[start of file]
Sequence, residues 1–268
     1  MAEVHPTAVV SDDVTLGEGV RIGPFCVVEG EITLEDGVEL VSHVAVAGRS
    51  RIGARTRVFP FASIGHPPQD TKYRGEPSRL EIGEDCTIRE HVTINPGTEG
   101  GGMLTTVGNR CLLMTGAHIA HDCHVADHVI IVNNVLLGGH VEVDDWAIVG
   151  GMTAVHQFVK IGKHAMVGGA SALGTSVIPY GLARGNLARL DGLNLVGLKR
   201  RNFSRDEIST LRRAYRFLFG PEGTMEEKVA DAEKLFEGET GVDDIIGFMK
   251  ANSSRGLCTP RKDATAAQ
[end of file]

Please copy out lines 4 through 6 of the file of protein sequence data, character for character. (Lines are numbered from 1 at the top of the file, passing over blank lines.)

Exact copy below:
   101  GGMLTTVGNR CLLMTGAHIA HDCHVADHVI IVNNVLLGGH VEVDDWAIVG
   151  GMTAVHQFVK IGKHAMVGGA SALGTSVIPY GLARGNLARL DGLNLVGLKR
   201  RNFSRDEIST LRRAYRFLFG PEGTMEEKVA DAEKLFEGET GVDDIIGFMK